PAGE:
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Diagnosis of Lung Cancer

By: Pharma Tips | Views: 5537 | Date: 19-Jul-2011

Sputum cytology,Bronchoscopy,Needle biopsy,Needle biopsy,Thoracentesis ,Staging of Lung Cancer,How is lung cancer treated?

Doctors use a wide range of diagnostic procedures and tests to diagnose lung cancer. These include...
•    The history and physical examination may reveal the presence of symptoms or signs that are suspicious for lung cancer. In addition to asking about symptoms and risk factors for cancer development such as smoking, doctors may detect signs of breathing difficulties, airway obstruction, or infections in the lungs. Cyanosis, a bluish color of the skin and the mucous membranes due to insufficient oxygen in the blood, suggests compromised function due to chronic disease of the lung. Likewise, changes in the tissue of the nail beds, known as clubbing, also may indicate chronic lung disease.

•    The chest X-ray is the most common first diagnostic step when any new symptoms of lung cancer are present. The chest X-ray procedure often involves a view from the back to the front of the chest as well as a view from the side. Like any X-ray procedure, chest X-rays expose the patient briefly to a small amount of radiation. Chest X-rays may reveal suspicious areas in the lungs but are unable to determine if these areas are cancerous. In particular, calcified nodules in the lungs or benign tumors called hamartomas may be identified on a chest X-ray and mimic lung cancer.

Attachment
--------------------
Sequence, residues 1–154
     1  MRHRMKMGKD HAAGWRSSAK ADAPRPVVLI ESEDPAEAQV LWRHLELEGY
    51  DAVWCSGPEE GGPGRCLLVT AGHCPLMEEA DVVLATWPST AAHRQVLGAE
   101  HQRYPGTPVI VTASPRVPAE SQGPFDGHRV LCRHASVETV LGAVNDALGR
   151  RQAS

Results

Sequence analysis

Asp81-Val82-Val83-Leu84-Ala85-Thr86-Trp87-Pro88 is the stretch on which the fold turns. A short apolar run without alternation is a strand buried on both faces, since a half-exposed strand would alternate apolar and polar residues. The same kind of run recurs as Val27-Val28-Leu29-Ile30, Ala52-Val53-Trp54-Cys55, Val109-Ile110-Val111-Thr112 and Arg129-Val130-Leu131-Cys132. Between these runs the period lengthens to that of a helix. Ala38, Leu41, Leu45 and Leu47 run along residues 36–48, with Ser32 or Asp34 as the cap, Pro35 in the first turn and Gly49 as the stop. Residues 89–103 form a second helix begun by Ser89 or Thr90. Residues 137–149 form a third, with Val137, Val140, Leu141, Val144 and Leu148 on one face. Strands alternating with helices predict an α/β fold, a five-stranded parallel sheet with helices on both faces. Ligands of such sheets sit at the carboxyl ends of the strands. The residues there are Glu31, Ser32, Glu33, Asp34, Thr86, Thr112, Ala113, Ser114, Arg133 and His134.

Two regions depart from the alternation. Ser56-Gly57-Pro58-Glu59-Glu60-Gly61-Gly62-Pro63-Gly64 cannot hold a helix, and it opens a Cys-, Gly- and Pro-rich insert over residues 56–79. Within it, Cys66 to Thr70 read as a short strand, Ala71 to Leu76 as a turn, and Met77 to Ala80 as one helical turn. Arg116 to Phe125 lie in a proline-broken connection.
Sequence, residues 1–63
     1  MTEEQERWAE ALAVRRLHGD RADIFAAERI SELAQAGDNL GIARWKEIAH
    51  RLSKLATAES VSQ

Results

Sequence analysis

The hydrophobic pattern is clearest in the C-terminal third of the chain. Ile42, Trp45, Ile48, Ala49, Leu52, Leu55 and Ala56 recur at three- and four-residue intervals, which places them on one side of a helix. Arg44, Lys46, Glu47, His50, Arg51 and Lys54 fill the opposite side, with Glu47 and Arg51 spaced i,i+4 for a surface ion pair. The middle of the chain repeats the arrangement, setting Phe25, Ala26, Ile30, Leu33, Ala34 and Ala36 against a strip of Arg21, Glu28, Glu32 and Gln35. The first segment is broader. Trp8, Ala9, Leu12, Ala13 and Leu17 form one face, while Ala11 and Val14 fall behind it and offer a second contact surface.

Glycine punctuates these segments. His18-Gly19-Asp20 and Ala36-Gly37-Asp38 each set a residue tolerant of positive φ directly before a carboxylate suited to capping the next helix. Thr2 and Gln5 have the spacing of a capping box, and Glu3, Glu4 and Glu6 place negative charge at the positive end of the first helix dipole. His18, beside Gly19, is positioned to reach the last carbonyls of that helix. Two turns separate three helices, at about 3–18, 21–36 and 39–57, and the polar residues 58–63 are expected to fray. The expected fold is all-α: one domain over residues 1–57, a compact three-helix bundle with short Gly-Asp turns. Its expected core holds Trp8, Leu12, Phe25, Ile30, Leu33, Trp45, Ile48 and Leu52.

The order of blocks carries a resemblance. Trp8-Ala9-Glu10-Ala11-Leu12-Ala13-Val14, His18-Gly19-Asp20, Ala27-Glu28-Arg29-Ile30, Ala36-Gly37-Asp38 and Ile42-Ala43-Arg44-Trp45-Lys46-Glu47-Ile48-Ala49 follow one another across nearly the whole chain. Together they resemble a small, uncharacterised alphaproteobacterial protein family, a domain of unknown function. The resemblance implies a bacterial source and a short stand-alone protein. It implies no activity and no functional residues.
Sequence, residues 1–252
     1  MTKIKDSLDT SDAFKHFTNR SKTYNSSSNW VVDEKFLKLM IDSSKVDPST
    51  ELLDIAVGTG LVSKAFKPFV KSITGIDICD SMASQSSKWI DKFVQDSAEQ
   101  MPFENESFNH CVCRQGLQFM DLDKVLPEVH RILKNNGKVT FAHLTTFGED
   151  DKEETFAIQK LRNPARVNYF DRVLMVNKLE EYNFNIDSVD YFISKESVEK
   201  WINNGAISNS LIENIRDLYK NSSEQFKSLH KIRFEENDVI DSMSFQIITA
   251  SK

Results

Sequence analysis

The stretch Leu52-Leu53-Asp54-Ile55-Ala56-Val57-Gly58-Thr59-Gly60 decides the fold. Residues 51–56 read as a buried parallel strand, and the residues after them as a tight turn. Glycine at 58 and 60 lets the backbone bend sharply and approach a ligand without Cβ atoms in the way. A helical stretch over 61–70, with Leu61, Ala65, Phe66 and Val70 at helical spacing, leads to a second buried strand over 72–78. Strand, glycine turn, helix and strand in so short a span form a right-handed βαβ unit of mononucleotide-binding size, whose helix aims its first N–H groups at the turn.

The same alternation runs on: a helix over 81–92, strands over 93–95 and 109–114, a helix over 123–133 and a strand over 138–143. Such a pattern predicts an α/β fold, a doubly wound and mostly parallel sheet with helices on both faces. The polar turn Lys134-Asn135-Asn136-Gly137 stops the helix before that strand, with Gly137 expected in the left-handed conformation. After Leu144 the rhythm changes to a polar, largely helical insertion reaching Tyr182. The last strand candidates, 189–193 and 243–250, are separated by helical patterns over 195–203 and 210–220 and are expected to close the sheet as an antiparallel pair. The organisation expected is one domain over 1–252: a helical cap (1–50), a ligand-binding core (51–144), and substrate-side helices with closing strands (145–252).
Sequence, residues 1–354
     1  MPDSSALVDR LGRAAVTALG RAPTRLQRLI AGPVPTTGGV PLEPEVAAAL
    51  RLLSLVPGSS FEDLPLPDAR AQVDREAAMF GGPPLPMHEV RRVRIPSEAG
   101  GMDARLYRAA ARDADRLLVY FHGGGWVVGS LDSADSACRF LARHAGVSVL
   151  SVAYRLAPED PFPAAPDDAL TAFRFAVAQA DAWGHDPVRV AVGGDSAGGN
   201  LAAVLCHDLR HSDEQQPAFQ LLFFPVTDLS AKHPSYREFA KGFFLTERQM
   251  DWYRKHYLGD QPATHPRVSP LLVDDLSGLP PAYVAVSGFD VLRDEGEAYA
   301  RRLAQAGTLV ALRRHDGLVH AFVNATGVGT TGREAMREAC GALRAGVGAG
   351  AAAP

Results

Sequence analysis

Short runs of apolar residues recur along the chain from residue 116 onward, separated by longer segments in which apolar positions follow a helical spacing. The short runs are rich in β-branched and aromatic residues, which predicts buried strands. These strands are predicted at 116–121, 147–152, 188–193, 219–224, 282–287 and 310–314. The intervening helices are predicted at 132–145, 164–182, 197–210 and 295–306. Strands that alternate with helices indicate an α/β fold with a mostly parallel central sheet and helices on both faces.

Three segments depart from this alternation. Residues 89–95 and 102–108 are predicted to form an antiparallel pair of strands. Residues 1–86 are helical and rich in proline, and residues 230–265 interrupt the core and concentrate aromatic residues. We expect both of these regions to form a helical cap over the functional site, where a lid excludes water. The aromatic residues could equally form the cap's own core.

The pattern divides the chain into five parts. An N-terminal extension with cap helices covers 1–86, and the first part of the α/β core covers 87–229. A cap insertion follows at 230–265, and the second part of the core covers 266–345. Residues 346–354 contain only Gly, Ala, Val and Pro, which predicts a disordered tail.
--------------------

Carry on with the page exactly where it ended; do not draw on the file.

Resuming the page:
•    CT (computerized tomography, computerized axial tomography, or CAT) scans may be performed on the chest, abdomen, and/or brain to examine for both metastatic and lung tumors. A CT scan of the chest may be ordered when X-rays do not show an abnormality or do not yield sufficient information about the extent or location of a tumor. CT scans are X-ray procedures that combine multiple images with the aid of a computer to generate cross-sectional views of the body. The images are taken by a large donut-shaped X-ray machine at different angles around the body. One advantage of CT scans is that they are more sensitive than standard chest X-rays in the detection of lung nodules, that is, they will demonstrate more nodules. Sometimes intravenous contrast material is given prior to the scan to help delineate the organs and their positions. A CT scan exposes the patient to a minimal amount of radiation. The most common side effect is an adverse reaction to intravenous contrast material that may have been given prior to the procedure. This may result in itching, a rash, or hives that generally disappear rather quickly. Severe anaphylactic reactions (life-threatening allergic reactions with breathing difficulties) to contrast material are rare. CT scans of the abdomen may identify metastatic cancer in the liver or adrenal glands, and CT scans of the head may be ordered to reveal the presence and extent of metastatic cancer in the brain.